Senators and Industry Insiders Weigh in on Crypto in Senate Hearing



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During a U.S. Senate Committee on Banking, Housing, and Urban Affairs hearing earlier today, senators and crypto industry experts commented on the industry at large. As you might expect from a hearing on such potentially disruptive technologies, a variety of different views were expressed, both positive and negative.

Senate Banking Committee Hears of Innovative Potential, Market Manipulation, and Crypto Criminality

Taking a decidedly negative view of cryptocurrencies and their underlying blockchain technology was Democratic presidential hopeful Elizabeth Warren, along with potential Banking Committee chair, Ohio Senator Sherrod Brown, and others.

According to a report in Forbes, Warren’s main contention was that cryptocurrency is easy to steal and the space is rife with fraudulent investment prospects. The Massachusetts Senator went on to claim that investor protection was of utmost importance when considering regulation:

“The challenge is how to nurture productive aspects of crypto with protecting consumers.”

Meanwhile, Brown echoed some of Warren’s sentiment. His concerns lay in the number of families exposing themselves to the volatile markets without adequate consideration of the financial risks posed. He continued, stating that cryptocurrency could well bring much needed banking services to those who currently make do without, but that scams in the space far outweigh the useful applications of the technology for now.

It was far from all doom and gloom at the Senate Banking Committee hearing, however. Pat Toomey, Pennsylvanian Republican Senator and next in line for the position of committee chair pending a successful election result, provided a refreshing critique of central banking:

“Central banks over time haven’t had the greatest record of preserving the value of their currencies.”

Also taking a positive view of the technological innovation was current committee chair, Republican Mike Crapo. He outlined the revolutionary potential of blockchain technology and cryptocurrency:

“Blockchain networks have the potential to improve processes for things like smart contracts, payments and settlement, identity management, and even things yet undiscovered.”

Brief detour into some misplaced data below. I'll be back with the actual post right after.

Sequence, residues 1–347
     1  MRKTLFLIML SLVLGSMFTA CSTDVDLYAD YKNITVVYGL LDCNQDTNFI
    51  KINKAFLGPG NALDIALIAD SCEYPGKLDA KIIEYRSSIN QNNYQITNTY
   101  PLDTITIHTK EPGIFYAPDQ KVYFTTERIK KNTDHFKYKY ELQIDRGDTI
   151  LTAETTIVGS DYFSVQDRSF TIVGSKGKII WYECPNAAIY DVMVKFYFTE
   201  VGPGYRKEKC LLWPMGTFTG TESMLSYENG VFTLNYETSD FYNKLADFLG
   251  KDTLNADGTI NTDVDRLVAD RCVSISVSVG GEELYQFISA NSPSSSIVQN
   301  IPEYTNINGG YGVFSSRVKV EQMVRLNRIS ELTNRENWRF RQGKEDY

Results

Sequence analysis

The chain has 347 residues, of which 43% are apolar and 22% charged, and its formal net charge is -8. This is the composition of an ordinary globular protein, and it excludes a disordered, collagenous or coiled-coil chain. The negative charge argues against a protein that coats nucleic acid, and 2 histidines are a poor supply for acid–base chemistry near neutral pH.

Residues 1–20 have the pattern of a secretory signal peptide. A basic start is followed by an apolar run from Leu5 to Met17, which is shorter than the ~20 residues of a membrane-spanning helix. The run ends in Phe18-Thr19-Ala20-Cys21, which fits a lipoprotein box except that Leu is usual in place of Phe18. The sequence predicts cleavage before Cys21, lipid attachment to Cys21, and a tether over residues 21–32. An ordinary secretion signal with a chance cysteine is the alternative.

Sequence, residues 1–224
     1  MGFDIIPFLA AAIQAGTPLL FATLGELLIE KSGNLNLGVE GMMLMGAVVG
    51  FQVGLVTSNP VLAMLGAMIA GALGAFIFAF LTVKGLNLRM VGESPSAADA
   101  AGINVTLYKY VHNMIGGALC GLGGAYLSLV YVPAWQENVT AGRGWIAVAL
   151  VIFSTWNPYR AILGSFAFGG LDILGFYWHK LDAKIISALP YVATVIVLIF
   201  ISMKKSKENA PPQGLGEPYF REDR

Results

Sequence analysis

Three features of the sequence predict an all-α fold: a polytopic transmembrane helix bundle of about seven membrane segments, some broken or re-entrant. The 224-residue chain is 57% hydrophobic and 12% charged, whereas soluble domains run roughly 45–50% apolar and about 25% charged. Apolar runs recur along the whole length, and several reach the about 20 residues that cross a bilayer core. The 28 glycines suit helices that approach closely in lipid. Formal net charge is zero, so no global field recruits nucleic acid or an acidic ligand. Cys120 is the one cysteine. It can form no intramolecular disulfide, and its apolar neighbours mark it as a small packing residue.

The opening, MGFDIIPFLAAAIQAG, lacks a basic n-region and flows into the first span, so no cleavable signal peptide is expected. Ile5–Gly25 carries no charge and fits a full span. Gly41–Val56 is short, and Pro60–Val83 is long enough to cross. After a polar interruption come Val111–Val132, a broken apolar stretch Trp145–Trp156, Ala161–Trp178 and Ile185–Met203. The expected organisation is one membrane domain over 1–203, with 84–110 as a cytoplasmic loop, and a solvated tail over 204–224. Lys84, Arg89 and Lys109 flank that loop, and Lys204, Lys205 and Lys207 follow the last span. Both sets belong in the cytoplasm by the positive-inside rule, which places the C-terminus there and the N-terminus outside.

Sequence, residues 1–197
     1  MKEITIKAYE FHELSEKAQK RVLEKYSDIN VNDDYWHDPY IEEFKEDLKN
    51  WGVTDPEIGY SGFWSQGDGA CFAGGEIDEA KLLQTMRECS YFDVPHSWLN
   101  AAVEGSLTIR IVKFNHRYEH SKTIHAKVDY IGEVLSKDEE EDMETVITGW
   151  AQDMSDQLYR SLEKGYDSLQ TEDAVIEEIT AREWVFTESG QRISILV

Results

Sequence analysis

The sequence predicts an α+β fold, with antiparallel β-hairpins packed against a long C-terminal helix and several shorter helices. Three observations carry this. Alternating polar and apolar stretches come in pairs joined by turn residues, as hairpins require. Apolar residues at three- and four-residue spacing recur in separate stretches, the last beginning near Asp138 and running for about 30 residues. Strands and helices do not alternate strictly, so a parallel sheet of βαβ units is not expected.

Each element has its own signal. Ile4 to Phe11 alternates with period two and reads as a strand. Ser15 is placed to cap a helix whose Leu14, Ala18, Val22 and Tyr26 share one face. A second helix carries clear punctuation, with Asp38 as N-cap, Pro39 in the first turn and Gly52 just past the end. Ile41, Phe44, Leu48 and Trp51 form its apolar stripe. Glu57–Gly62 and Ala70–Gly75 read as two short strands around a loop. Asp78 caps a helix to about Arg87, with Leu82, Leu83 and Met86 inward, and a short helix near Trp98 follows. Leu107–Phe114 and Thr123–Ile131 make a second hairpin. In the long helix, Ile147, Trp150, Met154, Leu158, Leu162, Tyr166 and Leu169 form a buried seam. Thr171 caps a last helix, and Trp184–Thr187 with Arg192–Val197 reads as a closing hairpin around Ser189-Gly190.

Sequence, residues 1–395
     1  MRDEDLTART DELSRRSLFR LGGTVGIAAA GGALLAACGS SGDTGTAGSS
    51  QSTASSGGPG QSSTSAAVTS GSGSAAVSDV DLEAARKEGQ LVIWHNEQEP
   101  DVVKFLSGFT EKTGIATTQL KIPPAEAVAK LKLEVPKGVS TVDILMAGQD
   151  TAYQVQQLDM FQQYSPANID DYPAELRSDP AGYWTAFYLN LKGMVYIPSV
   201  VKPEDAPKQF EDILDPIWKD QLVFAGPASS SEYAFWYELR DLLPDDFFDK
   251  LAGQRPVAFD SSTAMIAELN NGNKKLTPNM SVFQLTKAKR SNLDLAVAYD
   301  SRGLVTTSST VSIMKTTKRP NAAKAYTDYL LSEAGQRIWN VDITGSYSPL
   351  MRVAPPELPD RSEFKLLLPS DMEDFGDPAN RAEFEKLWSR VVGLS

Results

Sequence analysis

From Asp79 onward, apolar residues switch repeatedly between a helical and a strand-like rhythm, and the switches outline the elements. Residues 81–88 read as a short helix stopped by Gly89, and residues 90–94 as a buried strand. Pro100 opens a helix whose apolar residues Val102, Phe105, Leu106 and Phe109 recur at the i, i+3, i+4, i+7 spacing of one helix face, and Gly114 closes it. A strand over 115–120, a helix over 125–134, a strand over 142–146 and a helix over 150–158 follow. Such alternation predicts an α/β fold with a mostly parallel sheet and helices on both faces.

Crapo was also careful to highlight that price volatility and the potential for pump-and-dump schemes remained areas of concern.

Of course, the issue of criminality associated with cryptocurrency was raised too. Alabama Democratic Senator Doug Jones stated that prosecuting those who were using digital currency for illicit purposes is difficult since they are often multiple steps ahead of law enforcement in terms of technology.

Peter Van Valkenburgh, chief of CoinCenter Research, provided a succinct rebuttal to Jones’s concerns. He stated that authorities were incredibly adept at identifying which Bitcoin addresses had been used in connection with crimes.

Valkenburgh also urged the federal government to take charge of cryptocurrency regulations, rather then leave them in the hands of the individual states. He went on to argue for a hands-off approach to creating regulatory frameworks, similar to that taken by the Clinton Administration towards the internet.

For Valkenburgh, the innovation that is blockchain will be even more transformative than the world wide web has been for society:

“Federal pre-emption of state cryptocurrency regulation would be a wide choice that would make America a world leader and protect consumers.”

However, Nouriel Roubini, New York University economist argued that the cryptocurrency space had massive security flaws. As evidence, he provided examples of high profile exchanges being compromised, as well as the high volume of cryptocurrency miners based in jurisdictions where transparency is a concern, namely China, Russia, Belarus, and Georgia.

Featured image from Shutterstock.

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